String allResultsFilePath = currentSessionResultsDirectoryPath + "Results.csv";
String loginUrl = configProperties.getProperty("applicationUrl");
String userName = configProperties.getProperty("userNameStr");
String password = configProperties.getProperty("passwordStr");


for (int i = 0; i < numLoops; i++) {

String outputFileName = "Run" + i + ".csv";
Enumeration<String> enums = (Enumeration<String>) testProperties.propertyNames();

while (enums.hasMoreElements()) {

String key = enums.nextElement();
String value = testProperties.getProperty(key);

if (value.contains("https")) {



String url = testProperties.getProperty(key).replace("env", testEnv);
long startTime = System.currentTimeMillis();
long endTime, totalLoadTime;
WebDriverWait wait = new WebDriverWait(driver, pageLoadTimeout);
String pageLoadElementWorkdayIconXpath = "//div[@id='workDayIcon']";
List<String> currentLoopResults = new ArrayList<>();

try {

endTime = System.currentTimeMillis();
totalLoadTime = endTime - startTime;
currentLoopResults = Arrays.asList(key, url, String.valueOf(totalLoadTime));

} catch (TimeoutException e) {

currentLoopResults = Arrays.asList(key, url, String.valueOf(-1));





String currentSessionResultFilePath = currentSessionResultsDirectoryPath + outputFileName;
CSVUtils.writeToCsv(currentSessionResultFilePath, resultsData);


CSVUtils.writeToCsvNormalized(allResultsFilePath, allResultsData);


public void teardownTheAutomationEnvironment() {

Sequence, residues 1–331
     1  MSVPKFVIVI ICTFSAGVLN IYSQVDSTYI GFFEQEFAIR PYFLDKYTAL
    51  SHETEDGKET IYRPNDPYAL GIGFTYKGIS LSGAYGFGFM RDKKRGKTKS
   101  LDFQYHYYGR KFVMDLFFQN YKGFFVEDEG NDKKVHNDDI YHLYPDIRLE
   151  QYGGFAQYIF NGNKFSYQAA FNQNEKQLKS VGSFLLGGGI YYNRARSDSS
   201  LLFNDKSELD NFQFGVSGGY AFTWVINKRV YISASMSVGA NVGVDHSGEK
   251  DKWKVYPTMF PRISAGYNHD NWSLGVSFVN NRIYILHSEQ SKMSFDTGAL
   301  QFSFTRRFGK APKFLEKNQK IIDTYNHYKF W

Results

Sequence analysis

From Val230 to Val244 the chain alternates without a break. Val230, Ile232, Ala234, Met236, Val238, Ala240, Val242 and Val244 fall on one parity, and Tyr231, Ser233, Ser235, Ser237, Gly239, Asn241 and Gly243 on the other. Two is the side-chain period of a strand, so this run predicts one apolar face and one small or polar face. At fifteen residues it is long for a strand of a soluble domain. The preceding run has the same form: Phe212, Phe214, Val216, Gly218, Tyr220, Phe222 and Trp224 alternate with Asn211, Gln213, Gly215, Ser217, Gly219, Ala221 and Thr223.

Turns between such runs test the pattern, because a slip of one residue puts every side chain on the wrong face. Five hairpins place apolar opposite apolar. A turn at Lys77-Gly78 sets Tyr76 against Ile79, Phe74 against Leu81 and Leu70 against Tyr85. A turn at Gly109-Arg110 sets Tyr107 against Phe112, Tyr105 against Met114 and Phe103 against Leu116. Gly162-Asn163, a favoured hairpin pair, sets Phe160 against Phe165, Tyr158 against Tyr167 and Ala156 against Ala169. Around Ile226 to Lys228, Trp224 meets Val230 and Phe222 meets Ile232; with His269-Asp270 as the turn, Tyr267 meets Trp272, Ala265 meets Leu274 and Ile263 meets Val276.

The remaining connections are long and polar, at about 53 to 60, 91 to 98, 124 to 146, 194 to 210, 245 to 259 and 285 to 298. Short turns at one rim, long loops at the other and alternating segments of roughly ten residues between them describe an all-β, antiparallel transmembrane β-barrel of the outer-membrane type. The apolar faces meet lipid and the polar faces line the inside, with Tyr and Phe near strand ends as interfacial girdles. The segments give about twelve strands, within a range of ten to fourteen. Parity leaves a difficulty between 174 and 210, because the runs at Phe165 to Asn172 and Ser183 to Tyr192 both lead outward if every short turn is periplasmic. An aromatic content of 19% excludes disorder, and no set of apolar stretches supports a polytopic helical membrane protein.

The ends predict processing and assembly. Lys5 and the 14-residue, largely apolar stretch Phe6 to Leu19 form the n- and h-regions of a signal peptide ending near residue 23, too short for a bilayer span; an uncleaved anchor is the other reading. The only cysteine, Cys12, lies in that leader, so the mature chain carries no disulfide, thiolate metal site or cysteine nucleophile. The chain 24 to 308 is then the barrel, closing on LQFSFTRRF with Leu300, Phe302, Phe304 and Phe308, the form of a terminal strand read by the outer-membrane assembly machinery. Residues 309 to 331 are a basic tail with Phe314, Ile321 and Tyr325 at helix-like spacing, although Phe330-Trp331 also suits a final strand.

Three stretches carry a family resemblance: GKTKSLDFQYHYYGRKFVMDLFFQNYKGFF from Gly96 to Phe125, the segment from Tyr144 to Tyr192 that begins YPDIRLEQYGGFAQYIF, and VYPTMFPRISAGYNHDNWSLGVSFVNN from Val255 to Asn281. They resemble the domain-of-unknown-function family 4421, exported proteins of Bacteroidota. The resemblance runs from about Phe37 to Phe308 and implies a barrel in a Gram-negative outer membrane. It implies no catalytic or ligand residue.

if (driver != null) {





The overall performance test setup was as in the snapshot below:

The performance test setup consisted of the BlazeMeter REST API tests mimicking the behaviour of n-1 users. The users were equally distributed among London, New York, and Singapore. At the same time, there were AWS EC2 instances spawned in the same three locations. There was a Selenium Web Driver test executed on each of the EC2 instances, which would help to compute the page load times. The Selenium Web Driver tests would perform the following steps:

  • Launch the application URL and login.
  • Navigate to the page on which the link to be clicked is present.
  • Note the timestamp (T1).
  • Click on the link.
  • Note the timestamp (T2).

Actual Page Load Time = T2 — T1.

BlazeMeter Endurance Test


In order to track the performance of the AWS infrastructure, the following parameters were noted on the AWS console.

Elastic Search — Cluster Status

Elastic Search — Search Rate

Elastic Search — HTTP_Requests_By_Response_Codes

Elastic Search — Indexing Latency

Elastic Search — Master CPU Utilization

Elastic Search — Master JVM Memory Pressure

Elastic Search — Data Maximum CPU Utilization

Elastic Search — Data Maximum JVM Memory Pressure

MongoDB — CPU Utilization

Public API— CPU Utilization

Using the above setup, we were able to performance tune our AWS deployments, uncover the performance leaks, and better optimize our infrastructure.

performance testing ,jmeter ,blazemeter ,load api testing ,stress testing ,endurance testing ,aws ,elastic search ,mongodb